- “A Salutary Scar”: Muriel Spark’s Desegregated Art in the Twenty-first Century
Intended in part to commemorate the death (on April 13, 2006) of Muriel Spark, one of the most important and innovative writers in English to come to maturity in the second half of the twentieth century, this special issue also aims to take stock of Spark’s enduring legacy—her status as an author whose writing practices have reshaped ways of understanding the scope and nature of fiction itself. The essays assembled here explore, from multiple perspectives, the situation of Spark’s work within the landscapes of postwar writing. What is more, the contributors collectively suggest the continuing relevance of Spark’s oeuvre for the narrative traditions, representational projects, and broader cultural formations of the twenty-first century.
Spark was the author of twenty-two novels (seven of them published during the extraordinarily prolific period 1957–1963), more than a dozen short-story collections, several collections of poetry, a number of children’s books, and multiple works of criticism, including volumes on William Wordsworth, Mary Wollstonecraft Shelley, and the Brontës.1 She established early on the strikingly sui generis style that became the hallmark of her fiction—a style combining a self-reflexive focus [End Page 473] on novelistic technique, including modes of metafictional play, with a probing investigation of the moral, psychological, and institutional dimensions of human conduct. Hence Spark in effect opted out of the two responses to modernism that David Lodge has called antimodernism and postmodernism. Antimodernist writers such as Kingsley Amis and Evelyn Waugh sought to continue the tradition that modernism reacted against, operating under the assumption that practices of realism “modified to take account of changes in human knowledge and material circumstances” were still “viable and valuable” (Lodge 6). By contrast, postmodernist writers such as Samuel Beckett and John Barth continued “the modernist critique of traditional realism, but [tried] to go beyond or around or underneath modernism, which for all its formal experiment and complexity held out to the reader the promise of meaning, if not of a meaning” (12). Spark, however, chose a third path. Her fiction embraces (or rather extends and radicalizes) the modernist emphasis on technique while also projecting complex social worlds—worlds in which, in texts ranging from The Prime of Miss Jean Brodie (1961) to The Mandelbaum Gate (1965) to The Hothouse by the East River (1973), characters are impinged on by powerful historical and political forces, their psychologies and interactions shaped by entrenched educational and religious institutions, ideologies of gender, and more or less dominant assumptions about the possibilities and limitations of human agency. Thus, as Marina MacKay argues in her contribution to this issue, Spark is “an amphibious figure”; in other words, her novels encompass tendencies displayed both by antimodernists advocating a midcentury return to realism and by postmodernist practitioners who did not share Spark’s “capacious sociability, [her] meticulous curiosity about the specificities of midcentury manners.” Spark’s amphibious narrative practices set a precedent for later writers who have similarly worked to wed sometimes mind-bending formal innovation with the nuanced representation of sociohistorical circumstances, including not just English-language authors such as A. S. Byatt and the Ian McEwan of Atonement, for example, but writers from other traditions who have likewise pursued this third way between antimodernism and postmodernism, such as W. G. Sebald and Patrick Modiano.2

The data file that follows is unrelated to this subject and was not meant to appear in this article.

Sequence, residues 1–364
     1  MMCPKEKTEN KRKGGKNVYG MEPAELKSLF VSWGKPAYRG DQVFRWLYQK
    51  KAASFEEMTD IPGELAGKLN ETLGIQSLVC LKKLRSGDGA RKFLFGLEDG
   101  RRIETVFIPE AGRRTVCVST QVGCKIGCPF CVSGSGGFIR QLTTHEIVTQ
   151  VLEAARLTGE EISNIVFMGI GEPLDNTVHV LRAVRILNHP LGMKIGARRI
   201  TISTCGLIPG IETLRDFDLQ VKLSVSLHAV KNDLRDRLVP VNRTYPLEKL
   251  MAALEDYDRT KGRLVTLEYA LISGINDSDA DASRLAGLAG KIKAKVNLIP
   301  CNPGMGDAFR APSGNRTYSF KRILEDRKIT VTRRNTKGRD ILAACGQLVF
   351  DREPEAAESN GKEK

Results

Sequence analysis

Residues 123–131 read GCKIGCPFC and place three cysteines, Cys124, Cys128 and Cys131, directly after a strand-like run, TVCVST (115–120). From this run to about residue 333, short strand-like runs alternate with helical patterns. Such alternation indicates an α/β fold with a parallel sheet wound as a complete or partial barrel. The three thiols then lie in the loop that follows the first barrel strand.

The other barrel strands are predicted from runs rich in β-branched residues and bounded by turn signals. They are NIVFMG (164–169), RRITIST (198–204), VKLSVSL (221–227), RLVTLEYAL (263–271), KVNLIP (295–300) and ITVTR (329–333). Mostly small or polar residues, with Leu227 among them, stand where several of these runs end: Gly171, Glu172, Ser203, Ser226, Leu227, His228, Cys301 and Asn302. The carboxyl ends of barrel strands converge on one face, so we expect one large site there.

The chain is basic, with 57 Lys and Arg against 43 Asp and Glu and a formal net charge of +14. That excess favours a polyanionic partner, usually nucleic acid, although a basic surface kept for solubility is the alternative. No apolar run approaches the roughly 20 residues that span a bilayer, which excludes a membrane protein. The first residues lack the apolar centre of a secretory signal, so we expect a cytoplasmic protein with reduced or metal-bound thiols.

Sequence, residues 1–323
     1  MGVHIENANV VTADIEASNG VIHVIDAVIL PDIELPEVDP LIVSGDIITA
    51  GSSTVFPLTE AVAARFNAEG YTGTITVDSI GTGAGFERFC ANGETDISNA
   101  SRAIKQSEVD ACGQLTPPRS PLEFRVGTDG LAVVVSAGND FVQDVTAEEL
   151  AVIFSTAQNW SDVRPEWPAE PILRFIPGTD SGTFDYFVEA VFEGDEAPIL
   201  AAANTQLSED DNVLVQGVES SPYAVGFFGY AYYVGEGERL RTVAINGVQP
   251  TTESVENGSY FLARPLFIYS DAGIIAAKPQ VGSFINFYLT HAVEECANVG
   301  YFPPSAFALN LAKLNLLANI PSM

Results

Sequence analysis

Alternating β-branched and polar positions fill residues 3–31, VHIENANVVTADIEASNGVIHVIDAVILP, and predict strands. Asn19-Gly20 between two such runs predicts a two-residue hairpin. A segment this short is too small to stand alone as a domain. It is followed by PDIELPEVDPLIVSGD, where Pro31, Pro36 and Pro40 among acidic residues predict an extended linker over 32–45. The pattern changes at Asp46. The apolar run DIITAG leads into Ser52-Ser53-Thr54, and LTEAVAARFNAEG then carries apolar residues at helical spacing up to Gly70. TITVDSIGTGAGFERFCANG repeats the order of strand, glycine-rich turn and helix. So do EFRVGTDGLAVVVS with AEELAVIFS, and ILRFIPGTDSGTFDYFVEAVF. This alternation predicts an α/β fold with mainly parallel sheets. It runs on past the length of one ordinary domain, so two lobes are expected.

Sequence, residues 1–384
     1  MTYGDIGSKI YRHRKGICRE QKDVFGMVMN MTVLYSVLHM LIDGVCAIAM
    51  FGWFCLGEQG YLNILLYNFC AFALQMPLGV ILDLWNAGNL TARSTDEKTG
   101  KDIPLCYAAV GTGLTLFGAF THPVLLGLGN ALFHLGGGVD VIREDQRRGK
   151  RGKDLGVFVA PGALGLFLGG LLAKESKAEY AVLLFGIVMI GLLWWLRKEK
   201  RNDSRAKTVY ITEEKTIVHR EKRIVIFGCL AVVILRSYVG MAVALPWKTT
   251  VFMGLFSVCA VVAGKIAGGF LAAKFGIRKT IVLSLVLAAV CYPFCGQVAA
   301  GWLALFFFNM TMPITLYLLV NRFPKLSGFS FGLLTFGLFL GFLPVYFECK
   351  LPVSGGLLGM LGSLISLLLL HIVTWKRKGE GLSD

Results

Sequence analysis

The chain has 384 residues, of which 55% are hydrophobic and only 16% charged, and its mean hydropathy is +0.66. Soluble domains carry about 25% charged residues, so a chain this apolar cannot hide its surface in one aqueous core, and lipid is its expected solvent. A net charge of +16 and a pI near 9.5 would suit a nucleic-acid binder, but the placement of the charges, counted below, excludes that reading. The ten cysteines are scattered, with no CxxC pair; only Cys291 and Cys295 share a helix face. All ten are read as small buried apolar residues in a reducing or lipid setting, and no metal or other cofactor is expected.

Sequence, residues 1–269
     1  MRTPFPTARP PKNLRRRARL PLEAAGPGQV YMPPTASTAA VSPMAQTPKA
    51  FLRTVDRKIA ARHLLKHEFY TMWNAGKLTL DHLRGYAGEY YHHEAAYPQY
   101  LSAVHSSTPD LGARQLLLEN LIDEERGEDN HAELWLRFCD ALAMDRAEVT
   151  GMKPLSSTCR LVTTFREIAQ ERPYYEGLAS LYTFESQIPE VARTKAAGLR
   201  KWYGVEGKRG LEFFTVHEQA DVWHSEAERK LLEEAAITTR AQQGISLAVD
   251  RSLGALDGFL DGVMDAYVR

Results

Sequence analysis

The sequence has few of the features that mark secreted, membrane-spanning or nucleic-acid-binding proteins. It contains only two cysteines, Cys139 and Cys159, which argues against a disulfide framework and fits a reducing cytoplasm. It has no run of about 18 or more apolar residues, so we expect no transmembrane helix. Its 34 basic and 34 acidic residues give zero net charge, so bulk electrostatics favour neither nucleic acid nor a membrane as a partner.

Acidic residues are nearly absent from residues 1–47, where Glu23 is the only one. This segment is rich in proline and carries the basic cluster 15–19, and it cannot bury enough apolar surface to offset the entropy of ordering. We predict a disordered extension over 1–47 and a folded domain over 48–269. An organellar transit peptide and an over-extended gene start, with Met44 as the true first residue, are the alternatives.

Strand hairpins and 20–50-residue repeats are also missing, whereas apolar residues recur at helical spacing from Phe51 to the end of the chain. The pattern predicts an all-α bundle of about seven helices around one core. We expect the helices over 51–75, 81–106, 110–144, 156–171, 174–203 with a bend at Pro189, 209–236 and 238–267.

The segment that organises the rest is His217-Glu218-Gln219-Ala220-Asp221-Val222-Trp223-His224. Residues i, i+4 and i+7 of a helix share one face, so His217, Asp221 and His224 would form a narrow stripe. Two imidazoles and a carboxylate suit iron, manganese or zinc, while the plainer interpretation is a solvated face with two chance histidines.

A number of commentators on Spark, as well as the author herself, have provided context for understanding this dialectical interplay between Spark’s reflexive focus on narrative form and her engagement with the historical contingencies of lived experience, her dual commitment to innovation and representation. Spark found a different balancing point for these two sets of concerns in different works, providing grounds for the strong claim that her writing practices were in some sense dependent on the nonresolution of [End Page 474] this dialectical tension.3 Reflexively foregrounding issues of form, Spark’s first novel, The Comforters (1957), focuses metaleptically on a protagonist who gradually comes to realize that she is a character in a novel.4 In Alan Bold’s characterization, this novel constitutes “an experimental exploration of the formal...